Monday, December 21, 2020

How can we help our patients to better understand the value of mindfulness through metaphors

Many of us would love to have a “delete” button for certain things in our mind, but it doesn’t come with a delete button unfortunately.

So how can we work around this?

One way is to detach or defuse from a thought, and treat it like “clouds in the sky”. When we detach or defuse from a thought, we are less judging of that thought, and have less urge or compulsion to act on that thought. We can choose to listen to it or not.

But what about feelings?

For some folks, feelings are a bit harder to detach or defuse from I think. I sometimes liken feelings to a gas/vapor in a room rather than an objective thing you can perceive in front of you.

When the vapor in the room is not pleasant, people often like to remove it or leave the room altogether. The problem is, it’s hard to remove the vapor or leave the room. Our minds have the habit of taking us back to this room at the most unexpected and unwanted times.

So how can we work around unpleasant feelings?

In Acceptance Commitment Therapy (ACT), we may use “expansion” or “creating room” for this feeling/vapor so that it is more “diluted” perhaps, and still function well in this room. We may even come to like this “vapor” over time like Parmesan cheese, vegemite, or fish sauce, and use it better in a more helpful way.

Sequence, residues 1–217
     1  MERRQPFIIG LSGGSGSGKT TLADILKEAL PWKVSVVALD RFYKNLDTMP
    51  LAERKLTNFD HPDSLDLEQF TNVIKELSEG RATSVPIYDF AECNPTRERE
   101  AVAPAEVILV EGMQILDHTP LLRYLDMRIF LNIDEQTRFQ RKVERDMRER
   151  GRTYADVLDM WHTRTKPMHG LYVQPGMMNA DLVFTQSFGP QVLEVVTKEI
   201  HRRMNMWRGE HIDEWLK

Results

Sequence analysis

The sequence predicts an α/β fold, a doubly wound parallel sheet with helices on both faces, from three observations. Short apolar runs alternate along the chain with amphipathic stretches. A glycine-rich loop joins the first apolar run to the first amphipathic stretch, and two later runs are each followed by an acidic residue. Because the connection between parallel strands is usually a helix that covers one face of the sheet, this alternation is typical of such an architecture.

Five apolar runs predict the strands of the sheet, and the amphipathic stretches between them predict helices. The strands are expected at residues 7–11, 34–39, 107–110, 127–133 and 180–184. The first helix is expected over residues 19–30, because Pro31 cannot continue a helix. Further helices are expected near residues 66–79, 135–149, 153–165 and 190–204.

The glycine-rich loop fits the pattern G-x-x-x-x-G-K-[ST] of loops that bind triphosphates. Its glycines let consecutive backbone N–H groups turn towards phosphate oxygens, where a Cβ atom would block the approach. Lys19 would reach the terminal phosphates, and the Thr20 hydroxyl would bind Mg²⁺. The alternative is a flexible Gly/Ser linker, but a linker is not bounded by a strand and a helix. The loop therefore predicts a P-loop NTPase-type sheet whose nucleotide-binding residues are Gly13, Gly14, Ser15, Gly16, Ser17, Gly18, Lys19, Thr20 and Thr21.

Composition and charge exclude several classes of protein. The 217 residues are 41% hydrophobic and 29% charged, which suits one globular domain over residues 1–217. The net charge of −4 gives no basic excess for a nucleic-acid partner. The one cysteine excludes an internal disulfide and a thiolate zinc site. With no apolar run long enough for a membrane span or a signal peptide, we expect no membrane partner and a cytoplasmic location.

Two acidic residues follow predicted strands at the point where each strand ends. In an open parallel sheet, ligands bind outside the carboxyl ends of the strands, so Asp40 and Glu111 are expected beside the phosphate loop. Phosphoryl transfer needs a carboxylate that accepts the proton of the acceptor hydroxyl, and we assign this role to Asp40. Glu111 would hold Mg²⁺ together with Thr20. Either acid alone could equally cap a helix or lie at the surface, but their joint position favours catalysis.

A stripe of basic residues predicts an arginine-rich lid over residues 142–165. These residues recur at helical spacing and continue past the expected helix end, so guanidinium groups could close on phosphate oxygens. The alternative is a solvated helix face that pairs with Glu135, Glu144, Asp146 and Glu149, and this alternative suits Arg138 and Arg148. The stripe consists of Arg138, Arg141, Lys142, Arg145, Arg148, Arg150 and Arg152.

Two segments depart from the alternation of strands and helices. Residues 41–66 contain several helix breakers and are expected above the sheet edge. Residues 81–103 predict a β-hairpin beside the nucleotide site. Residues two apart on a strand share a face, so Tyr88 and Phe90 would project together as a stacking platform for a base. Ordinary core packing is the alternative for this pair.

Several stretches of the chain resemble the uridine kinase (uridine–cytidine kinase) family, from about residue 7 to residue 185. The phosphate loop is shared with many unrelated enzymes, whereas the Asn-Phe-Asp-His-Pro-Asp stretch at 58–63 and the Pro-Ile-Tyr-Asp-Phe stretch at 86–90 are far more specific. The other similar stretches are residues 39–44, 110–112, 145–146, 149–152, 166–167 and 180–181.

I think many of our patients may fail to appreciate what “mindfulness” really is. It’s not simply for relaxation, although this may be a welcomed side effect. In my mind, it’s a practice for us to defuse or make room for our thoughts and feelings, so that we can observe them, accept them, play with them, and make better use of them. 

Metaphorically speaking, it’s somewhat like a clutch in a car. It allows us to lessen our urge or compulsion to judge/act, and simply perceive, so that we can choose to shift gears with more clarity. As humans, we don’t have a perfect automatic gearbox, and mindfulness is an effort to override that perhaps, go on manual, and over time, update the firmware in our automatic gearbox.

It’s definitely not easy for anyone, but awareness is a good start.

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